Like a lot of kids, I was scared of the dark.
Now that I’m big, I’m ….still afraid of the dark. I run from my bed to the bathroom at night, I run from my car to the front door. I’m fairly certain there’s a zombie infestation every time the sun goes down, the dark is scary and full of the unknown.
So you can imagine I was pretty uninterested in doing night dives, from the beginning of my diving career. I’m already fairly certain there is a boogie man, why would I possibly jump into the water….where all my senses are dulled and all my physical actions slowed by drag…at night? The only thing I could possibly see would be caught in the beam of feeble light from a flash light, while my imagination conjured creatures unknown in the rest of the space not lit.
My first night dive was, for lack of a better word, a shit show. I was in Barbados, certified only months previously in California. A fairly large group of us decided to give night diving a try, and the sketchy operation we were using agreed to it. They took us, either newly minted divers/almost newly minted divers, to a “dive” sight in the middle of the bay, with no reef to follow, and nothing too exciting to see. WE jumped off the boat in full darkness, and proceeded to flounder around in the warm water for 20 minutes approximately, trying not to kick each other in the face/get eaten by sea monsters/keep the damn lights turned on.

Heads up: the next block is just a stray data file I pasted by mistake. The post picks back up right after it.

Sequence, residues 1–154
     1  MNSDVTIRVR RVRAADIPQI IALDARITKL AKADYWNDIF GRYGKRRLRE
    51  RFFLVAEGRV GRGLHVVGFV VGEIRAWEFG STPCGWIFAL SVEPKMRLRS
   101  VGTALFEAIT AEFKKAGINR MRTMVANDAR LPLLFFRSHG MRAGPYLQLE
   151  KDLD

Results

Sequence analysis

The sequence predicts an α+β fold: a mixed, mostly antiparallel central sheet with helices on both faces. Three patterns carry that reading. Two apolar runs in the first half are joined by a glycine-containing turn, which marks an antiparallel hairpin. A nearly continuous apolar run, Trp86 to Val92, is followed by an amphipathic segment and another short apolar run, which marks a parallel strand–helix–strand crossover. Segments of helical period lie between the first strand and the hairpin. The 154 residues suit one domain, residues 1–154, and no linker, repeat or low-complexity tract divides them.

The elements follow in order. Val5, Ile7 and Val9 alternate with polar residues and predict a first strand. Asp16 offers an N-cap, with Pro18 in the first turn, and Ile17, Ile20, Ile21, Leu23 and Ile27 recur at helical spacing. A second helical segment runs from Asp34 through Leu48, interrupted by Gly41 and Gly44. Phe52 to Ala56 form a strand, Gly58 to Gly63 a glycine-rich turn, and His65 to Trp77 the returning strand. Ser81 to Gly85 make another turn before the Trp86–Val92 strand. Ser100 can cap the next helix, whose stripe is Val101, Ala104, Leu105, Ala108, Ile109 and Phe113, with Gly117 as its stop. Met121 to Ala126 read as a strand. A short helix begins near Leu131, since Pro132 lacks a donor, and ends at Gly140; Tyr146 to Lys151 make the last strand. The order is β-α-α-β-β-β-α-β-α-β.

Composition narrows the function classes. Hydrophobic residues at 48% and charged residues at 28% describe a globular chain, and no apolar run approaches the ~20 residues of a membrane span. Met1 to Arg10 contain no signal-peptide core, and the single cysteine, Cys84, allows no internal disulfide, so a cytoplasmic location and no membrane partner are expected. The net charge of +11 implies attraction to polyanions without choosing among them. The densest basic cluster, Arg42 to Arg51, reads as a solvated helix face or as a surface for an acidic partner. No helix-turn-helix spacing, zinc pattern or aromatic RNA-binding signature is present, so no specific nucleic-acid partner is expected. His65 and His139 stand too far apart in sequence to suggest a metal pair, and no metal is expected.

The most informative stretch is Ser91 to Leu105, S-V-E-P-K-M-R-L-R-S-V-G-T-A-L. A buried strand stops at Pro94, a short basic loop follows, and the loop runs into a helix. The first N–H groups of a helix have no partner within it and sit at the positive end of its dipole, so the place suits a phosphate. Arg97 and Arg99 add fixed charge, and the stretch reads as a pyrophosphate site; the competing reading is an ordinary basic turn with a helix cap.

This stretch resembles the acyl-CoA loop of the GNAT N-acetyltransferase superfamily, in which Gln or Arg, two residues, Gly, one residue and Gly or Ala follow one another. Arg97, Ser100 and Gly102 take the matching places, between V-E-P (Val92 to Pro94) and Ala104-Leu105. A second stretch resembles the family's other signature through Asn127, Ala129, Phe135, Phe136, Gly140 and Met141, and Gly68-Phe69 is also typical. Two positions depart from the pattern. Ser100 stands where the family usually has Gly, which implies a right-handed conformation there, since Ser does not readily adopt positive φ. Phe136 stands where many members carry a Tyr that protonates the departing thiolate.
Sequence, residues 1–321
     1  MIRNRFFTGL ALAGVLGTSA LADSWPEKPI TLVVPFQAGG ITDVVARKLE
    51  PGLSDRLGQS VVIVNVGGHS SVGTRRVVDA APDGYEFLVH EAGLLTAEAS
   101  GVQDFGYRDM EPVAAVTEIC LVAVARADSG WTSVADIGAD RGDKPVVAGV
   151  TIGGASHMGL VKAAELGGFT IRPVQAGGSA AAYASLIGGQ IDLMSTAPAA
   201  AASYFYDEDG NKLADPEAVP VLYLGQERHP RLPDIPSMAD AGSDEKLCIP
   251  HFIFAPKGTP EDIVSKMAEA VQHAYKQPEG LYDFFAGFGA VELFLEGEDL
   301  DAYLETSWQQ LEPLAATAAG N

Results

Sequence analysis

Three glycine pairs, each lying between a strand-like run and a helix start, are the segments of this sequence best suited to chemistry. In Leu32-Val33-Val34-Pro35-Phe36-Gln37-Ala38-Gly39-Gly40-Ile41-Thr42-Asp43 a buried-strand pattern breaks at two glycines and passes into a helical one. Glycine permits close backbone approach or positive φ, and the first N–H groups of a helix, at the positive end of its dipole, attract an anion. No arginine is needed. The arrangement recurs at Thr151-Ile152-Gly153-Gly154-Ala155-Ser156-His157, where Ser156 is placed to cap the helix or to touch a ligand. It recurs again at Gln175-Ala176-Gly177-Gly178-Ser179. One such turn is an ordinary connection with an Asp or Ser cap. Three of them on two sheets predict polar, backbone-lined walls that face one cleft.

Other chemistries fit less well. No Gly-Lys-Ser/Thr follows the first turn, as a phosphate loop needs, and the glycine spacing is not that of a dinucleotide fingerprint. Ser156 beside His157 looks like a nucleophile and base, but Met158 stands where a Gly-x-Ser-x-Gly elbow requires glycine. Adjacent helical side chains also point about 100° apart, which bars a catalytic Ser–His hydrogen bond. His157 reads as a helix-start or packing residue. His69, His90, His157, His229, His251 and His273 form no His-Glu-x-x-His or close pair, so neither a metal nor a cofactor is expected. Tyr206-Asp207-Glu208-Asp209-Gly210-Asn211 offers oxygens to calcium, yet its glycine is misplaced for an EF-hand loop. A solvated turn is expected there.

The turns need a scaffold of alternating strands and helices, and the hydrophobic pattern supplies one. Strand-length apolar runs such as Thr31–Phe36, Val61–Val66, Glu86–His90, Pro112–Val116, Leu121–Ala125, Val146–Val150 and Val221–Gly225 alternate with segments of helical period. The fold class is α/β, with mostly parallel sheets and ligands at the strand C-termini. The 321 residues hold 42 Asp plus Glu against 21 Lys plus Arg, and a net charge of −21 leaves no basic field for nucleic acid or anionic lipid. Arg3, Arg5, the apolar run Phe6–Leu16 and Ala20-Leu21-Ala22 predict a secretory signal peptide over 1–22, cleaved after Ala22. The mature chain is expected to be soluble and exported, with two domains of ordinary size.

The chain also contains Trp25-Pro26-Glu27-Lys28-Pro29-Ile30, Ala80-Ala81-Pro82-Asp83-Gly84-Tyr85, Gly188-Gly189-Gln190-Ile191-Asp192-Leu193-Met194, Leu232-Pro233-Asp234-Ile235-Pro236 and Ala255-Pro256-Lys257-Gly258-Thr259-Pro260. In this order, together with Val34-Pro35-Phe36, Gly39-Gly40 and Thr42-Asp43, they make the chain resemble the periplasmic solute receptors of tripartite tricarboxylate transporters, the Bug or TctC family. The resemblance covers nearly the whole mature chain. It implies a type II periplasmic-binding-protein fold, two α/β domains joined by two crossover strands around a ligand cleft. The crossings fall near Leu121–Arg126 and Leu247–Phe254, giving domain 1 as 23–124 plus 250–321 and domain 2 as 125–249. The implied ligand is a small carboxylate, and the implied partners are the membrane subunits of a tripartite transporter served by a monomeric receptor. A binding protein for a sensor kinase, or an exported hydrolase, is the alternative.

So you can imagine I had enough of that. I could see no real benefit of diving at night (i’m diving to see stuff under water, you can’t see in the dark) and the anxiety it caused was enough stop me from seeking it out.
I did some more night dives. Really infrequently. They didn’t interest me. I spent most of the dive trying not to get separated/panic about what was coming for me. It wasn’t until I was in Honduras that I finally found peace with the night dive. I remember leading my first amazing, eventful, and perfectly navigated night dive at Bandeau beach….surfacing right at the ladder of the Neptune.
There are many specifically nocturnal creatures that are truly a treat to see. That night an Bandeau I saw a Southern Stargazer, multiple octopuses who hung around, squid, a southern stingray….all the things I saw, I can’t even remember. I felt exhilarated and accomplished.
What happened was,….I didn’t lose my fear of the darkness (it’s still there, I still run to my car), its that the excitement and passion I feel about sea creatures (night or day) outweighed the fear. Seeing the mucus membrane around a sleeping Parrotfish, or normally shy Angel Sharks out and about….Leopard sharks on the prowl, octopus dancing in the beam of a flashlight, the green glow of a bat rays eyes…it suddenly became worth it.
nightbubbles this weekend…
(here’s a secret though, a seal swam at me last weekend on a night dive and I got pretty worried. A small, torpedo shaped object speeding at you out of the dark….spooooky).